• Erin

How to Reduce DOMS

Updated: Feb 26

Suffering from that aching, stiff muscle feeling after exercising yesterday? That'll be DOMS, or Delayed Onset of Muscle Soreness, which is exactly what it sounds like. Great.

Before you despair, it is actually a good sign (although not always a welcome one). DOMS signals that your muscles are repairing themselves to be even stronger than they were before. The pain comes from your muscles' micro-tears as well as an accumulation of waste chemicals - both a result of exercise and both completely normal.

Knowing this is helpful, but it doesn't take away the pain. Here are a few things you can do to improve DOMS in your arms or legs once you get them*.

Girl on yoga mat doing stretches


A warm bath is great to warm up muscles once DOMS strikes. Adding Epsom Salts can also aid recovery thanks to the magnesium, which is absorbed through the skin and helps to relax the muscles.


Rubbing the sore area stimulates blood flow and will warm the muscle simultaneously. Do this with some body oil or in the shower to speed up the process and don't be afraid to get stuck in with your thumbs or knuckles.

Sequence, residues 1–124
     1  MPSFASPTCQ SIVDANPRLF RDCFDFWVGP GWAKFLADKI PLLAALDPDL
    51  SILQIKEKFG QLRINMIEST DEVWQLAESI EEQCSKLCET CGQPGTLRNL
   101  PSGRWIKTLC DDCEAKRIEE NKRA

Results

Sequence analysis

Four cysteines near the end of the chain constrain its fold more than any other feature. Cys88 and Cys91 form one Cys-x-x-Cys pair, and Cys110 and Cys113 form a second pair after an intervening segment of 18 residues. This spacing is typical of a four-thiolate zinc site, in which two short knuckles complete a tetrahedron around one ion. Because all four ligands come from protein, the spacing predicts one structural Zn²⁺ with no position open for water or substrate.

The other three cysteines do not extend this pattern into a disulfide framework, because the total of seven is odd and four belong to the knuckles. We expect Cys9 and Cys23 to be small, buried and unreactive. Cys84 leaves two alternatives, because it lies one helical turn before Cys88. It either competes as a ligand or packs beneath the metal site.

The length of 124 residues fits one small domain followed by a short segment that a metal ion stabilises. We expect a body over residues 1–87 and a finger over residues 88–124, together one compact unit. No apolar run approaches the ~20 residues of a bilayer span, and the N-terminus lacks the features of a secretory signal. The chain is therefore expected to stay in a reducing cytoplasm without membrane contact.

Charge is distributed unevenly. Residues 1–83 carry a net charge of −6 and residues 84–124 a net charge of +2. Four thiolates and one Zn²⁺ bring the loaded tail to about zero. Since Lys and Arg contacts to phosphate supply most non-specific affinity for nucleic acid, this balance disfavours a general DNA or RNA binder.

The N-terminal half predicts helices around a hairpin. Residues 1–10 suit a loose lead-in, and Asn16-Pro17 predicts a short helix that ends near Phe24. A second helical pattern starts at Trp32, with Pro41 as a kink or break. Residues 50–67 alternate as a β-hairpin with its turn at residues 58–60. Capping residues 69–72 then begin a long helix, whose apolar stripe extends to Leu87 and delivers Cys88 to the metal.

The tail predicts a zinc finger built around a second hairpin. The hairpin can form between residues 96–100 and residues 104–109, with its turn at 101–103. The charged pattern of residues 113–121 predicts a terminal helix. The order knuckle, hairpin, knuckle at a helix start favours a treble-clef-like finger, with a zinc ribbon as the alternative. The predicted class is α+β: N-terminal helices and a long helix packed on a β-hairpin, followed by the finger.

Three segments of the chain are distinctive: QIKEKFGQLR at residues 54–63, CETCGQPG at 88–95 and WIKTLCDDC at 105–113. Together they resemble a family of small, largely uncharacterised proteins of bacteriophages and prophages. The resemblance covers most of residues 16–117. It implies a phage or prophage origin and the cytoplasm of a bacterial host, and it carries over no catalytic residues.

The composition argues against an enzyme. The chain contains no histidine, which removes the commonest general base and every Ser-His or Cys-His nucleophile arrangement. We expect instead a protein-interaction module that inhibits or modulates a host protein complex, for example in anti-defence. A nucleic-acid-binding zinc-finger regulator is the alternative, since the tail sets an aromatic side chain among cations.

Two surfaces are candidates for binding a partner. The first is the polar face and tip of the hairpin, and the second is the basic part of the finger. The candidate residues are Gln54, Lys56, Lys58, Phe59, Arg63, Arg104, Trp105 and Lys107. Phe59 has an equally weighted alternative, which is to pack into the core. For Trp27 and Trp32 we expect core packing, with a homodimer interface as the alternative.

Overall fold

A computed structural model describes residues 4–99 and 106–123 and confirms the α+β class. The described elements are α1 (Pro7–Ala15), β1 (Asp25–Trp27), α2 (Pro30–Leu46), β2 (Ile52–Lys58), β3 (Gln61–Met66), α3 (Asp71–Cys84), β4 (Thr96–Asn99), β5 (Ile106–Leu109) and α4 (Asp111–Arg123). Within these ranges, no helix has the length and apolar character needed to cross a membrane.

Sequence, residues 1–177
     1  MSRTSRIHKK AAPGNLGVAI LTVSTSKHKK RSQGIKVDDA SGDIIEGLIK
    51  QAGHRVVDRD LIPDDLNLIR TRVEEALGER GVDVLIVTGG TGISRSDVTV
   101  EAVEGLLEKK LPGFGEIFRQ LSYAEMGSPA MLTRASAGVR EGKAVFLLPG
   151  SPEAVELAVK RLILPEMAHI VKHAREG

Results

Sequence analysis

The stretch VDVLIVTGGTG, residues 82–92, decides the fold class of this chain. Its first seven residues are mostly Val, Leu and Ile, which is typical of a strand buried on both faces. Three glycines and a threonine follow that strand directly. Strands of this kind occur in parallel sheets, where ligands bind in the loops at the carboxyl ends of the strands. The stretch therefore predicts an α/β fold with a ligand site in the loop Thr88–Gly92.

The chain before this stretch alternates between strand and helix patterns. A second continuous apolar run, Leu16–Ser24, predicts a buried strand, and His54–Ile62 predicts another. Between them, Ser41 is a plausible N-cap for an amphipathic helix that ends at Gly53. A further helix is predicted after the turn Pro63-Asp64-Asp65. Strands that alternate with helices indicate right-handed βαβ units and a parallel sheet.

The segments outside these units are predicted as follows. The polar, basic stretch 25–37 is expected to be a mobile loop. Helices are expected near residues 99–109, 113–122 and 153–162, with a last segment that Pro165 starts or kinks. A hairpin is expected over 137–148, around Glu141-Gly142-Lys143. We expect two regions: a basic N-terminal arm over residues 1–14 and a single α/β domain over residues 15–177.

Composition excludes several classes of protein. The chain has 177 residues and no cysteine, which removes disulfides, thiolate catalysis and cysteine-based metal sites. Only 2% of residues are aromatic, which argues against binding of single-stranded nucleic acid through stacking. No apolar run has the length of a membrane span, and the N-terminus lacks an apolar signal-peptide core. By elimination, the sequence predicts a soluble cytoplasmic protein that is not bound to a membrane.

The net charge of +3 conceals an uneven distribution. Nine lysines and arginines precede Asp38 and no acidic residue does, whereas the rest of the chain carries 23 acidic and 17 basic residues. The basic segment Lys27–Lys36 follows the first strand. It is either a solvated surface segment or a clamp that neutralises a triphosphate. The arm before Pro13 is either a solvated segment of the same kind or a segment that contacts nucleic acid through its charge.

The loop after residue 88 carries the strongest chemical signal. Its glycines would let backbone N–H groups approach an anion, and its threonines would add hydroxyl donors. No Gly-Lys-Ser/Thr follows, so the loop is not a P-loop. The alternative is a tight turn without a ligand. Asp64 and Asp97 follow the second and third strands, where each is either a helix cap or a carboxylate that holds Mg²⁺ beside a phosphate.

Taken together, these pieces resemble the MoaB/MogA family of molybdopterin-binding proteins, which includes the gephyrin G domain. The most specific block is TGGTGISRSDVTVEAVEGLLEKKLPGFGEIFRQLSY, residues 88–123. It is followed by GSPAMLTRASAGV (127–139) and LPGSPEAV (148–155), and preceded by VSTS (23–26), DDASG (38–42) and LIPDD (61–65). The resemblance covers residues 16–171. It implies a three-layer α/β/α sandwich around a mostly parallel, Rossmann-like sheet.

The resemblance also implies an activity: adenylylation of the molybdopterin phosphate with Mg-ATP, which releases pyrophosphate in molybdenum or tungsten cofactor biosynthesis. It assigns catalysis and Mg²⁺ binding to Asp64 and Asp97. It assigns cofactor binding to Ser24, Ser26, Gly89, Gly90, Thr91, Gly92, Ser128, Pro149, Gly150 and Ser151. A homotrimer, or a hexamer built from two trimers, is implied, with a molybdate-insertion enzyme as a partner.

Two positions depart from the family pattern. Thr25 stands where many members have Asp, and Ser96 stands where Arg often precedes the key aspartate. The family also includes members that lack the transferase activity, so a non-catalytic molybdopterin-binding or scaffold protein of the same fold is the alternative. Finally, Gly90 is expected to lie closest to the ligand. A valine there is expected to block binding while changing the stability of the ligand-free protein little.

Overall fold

It's important to get fresh, oxygenated blood to your tired muscles to aid their recovery. Staying hydrated will help you do this, and assist with flushing away the waste chemicals left over from your workout.


Sleep is key, as it's the body's time to do major repair work. Aim for 7 hours of good quality sleep if you can, and try to unwind before getting into bed. I find a lavender pillow mist and guided meditations are great to send me off into a deep sleep.

Active Recovery

While it might seem counterintuitive, moving your body when it's stiff from DOMS can be a great aid in reawakening the muscles and reducing any aches. Stretches and walking are active enough to engage the muscles, warm them up and send fresh blood while not being too vigorous and prolonging recovery.

While the above can help speed up recovery from DOMS, it's always advised to stay well hydrated, stretch before and after workouts and do a warm up and cool down to bring the muscles back to their natural state. These can prevent getting DOMS in the first place, but if you're working out for the first time in a while, trying a new form of exercise or upping the weights, know that DOMS is normal and a healthy sign of muscle growth.

If you have persistent DOMS of a week or more, please speak to your GP to check there's no underlying issues and / or review your current training routine to ensure you're not overloading your body.

*remember, everyone recovers at different rates

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